Yashmin from MSA messaged everyone who did the level 1 course and told us there was a paid coaching job available at Frenford club. I was interested so I contacted them and I was given the role. I started on 13 January and I will be coaching under 8’s until May and then a few days in June. For my first two sessions I was supported by another coach. This Saturday will be my 3rd week and I will be running the whole session on my own with my own games and drills. The coach who is helping me said they will support me on my journey, and if I would like to progress they will put me on the FA level 2 course. The FA have also been very supportive and are helping me to progress as much as possible.

The FA Level 1 course has been the best decision I have made. I am passionate about football and I want to see more girls and women, especially within the BAME, coaching and playing football. Hopefully I can inspire women and tackle the low levels of sporting participation among female minority ethnic groups, I hope my story empowers women to push the boundaries and break down the barriers that we have to face.

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For more information visit London Sport or the Essex FA

Read our blog post on the FA level 1 coaching award in Redbridge

Guest author: Yasmin Hussain

If you’d like to become a guest writer, fill in our simple form.


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Could more women Bend it like Beckham? 15 inspirational Asian women achieve FA level 1 coaching award

Women’s football in Redbridge and surrounding boroughs should shortly start reaping the benefits of having fifteen newly qualified Asian women coaches in the borough.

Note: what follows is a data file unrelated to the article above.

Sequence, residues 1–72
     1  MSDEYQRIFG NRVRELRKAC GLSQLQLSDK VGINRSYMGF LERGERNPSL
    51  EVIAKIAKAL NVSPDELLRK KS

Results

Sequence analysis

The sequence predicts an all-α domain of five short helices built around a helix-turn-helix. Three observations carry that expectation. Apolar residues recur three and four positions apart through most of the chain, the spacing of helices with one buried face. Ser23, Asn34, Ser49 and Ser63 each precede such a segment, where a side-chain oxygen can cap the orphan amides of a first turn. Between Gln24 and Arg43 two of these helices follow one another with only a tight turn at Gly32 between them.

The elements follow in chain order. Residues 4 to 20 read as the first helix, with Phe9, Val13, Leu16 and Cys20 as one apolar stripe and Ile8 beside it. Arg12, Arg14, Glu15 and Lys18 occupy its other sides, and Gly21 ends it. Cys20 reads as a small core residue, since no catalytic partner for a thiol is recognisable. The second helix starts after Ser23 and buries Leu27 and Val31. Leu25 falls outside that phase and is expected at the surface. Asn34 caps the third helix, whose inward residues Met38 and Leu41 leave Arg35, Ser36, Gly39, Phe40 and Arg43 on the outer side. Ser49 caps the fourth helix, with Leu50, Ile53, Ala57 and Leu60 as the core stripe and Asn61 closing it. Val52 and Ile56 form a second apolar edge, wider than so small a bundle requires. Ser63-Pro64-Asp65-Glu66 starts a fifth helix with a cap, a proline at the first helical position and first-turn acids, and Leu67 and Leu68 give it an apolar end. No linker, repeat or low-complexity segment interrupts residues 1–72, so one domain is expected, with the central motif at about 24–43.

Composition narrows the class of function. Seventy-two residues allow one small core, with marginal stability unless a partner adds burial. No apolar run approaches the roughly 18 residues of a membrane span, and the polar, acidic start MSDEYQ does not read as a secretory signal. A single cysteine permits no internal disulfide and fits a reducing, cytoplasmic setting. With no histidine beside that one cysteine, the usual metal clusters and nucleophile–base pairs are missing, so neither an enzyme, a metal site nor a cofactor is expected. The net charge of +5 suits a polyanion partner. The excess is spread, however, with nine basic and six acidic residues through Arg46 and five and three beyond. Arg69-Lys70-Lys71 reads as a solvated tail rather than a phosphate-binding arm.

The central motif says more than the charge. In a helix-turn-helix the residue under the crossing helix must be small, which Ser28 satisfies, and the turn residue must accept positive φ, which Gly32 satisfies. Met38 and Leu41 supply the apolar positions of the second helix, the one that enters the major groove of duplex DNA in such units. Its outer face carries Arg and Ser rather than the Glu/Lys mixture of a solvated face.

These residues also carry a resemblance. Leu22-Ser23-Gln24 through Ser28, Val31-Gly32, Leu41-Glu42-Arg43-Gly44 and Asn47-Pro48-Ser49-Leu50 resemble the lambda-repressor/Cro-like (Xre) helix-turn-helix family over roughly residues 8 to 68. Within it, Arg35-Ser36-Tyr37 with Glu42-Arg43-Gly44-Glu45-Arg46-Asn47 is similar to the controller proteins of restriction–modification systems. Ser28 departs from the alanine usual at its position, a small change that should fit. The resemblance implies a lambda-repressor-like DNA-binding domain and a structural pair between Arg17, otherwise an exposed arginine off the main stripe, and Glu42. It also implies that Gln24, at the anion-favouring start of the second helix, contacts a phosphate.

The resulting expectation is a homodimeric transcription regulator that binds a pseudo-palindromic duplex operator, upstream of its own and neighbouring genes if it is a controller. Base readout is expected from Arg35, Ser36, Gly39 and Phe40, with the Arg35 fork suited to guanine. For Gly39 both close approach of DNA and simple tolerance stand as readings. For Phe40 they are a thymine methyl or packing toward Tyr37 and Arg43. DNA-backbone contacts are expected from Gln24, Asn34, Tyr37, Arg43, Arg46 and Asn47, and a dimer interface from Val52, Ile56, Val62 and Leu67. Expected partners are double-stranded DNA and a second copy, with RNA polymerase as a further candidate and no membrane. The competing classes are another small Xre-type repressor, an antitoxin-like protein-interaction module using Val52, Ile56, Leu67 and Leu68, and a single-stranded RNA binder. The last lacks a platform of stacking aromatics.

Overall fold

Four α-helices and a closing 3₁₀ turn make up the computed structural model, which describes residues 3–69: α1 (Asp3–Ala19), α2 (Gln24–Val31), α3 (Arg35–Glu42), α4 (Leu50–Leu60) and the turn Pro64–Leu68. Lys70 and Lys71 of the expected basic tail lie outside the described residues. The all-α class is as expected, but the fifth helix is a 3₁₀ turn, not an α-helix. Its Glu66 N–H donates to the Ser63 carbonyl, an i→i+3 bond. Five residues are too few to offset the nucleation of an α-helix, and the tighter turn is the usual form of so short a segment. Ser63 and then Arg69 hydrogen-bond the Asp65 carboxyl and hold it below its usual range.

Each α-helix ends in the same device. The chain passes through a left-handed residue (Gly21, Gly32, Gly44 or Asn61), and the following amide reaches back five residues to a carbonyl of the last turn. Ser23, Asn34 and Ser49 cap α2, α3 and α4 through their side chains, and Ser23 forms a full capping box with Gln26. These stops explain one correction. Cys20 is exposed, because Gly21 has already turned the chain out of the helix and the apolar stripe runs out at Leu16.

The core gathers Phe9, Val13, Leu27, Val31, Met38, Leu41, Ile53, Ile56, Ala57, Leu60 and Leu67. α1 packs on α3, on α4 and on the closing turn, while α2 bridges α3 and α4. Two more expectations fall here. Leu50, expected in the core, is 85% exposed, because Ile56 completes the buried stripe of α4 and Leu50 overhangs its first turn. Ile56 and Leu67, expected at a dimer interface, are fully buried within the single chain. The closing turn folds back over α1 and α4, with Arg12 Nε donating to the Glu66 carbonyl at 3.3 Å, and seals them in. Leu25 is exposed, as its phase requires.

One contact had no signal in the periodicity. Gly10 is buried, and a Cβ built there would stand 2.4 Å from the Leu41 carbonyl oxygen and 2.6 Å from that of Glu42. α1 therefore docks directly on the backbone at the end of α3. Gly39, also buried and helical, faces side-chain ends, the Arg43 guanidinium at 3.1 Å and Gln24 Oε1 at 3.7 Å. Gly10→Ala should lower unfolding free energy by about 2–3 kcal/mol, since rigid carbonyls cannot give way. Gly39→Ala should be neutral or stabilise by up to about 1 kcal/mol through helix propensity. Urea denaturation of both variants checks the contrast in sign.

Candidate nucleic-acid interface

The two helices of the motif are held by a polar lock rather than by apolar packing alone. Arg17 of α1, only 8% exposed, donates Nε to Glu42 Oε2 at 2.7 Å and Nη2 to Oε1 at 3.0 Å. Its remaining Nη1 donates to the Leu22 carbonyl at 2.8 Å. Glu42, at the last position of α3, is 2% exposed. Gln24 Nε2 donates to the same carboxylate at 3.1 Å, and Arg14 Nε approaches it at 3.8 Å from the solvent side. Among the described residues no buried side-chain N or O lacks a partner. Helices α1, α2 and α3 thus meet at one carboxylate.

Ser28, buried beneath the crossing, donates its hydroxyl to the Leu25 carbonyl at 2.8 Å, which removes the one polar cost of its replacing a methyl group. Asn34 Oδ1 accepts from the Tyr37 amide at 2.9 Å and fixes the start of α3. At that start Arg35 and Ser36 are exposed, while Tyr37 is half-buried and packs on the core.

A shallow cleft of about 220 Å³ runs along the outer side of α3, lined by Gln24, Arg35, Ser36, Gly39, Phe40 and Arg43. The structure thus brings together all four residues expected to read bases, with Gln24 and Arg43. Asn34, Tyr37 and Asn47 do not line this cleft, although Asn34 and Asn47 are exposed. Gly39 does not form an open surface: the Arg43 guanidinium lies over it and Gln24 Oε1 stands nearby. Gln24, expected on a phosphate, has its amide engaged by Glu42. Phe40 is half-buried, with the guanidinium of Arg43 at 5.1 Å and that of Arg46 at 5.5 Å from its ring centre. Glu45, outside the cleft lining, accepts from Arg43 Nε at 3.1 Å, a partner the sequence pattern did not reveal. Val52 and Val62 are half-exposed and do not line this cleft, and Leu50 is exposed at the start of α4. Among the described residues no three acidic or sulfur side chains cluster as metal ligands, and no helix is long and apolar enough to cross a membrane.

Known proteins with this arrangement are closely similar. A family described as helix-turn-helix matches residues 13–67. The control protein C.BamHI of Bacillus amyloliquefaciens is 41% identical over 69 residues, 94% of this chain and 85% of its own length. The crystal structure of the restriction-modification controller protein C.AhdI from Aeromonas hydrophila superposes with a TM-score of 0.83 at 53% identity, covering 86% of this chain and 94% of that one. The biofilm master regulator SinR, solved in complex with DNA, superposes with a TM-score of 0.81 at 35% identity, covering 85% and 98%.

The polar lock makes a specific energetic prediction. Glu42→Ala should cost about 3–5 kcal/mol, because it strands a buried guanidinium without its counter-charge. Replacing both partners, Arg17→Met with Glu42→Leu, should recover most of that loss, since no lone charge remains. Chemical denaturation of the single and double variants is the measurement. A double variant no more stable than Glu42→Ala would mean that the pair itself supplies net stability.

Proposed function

In a bid to help tackle low levels of sporting participation among female minority ethnic groups in the London Borough of Redbridge, 2017 saw Vision Redbridge Culture & Leisure work with a coalition of leading sports bodies and partners and in collaboration with Muslimah Sports Association (MSA) to successfully support 15 Asian women through a 6-month project resulting in them achieving their level 1 FA coaching award.

Yashmin Harun, Chair of MSA, attributes the success of the project to the commitment of all the partners involved who were able to create a tailored course providing targeted support to this group of women enabling them to develop their specialist football coaching skills.

The MSA were proud to be involved with such a pioneering project which has resulted in more ethnic minority female coaches for London. It is hoped that as a result of this course, Asian women will feel empowered to push the boundaries and try football and other sports.

SportsTeamMosque14Dec17 (02)Pictured: Yashmin Harun, Chair of Muslimah Sports Association and
Mark Healy, Vision Redbridge Culture & Leisure

Special thanks go to London Sport and the Essex FA for championing the project and to the FA and the Black, Asian Coaches Association for their support.

London Sport’s Specialist Advisor for Workforce, Dean Nevill was delighted with the success of the project and said that he hoped this can now be adapted as a model to support more people across the whole of London to become community champions of physical activity, and contribute to a more active London now, and in the future.

Andrew Crowl, Coaching Development Officer from the Essex FA was looking forward to supporting these ladies on their continuing coaching journey, whilst Cindi Chatha, Equality & Inclusion Officer felt that the ladies were not only inspiring to others within their community, but are role models to the next generation of females from a BAME background.  She hopes that reading about this will inspire others to actively participate within football.

Watch this space to find out how our newly qualified coaches are faring as they take their first steps into sport coaching!

For more information visit London Sport or the Essex FA

Post Author: Mark Healy, Vision Redbridge Culture & Leisure

 

 

 


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Celebrating Healthy Families in Redbridge in Loxford Park!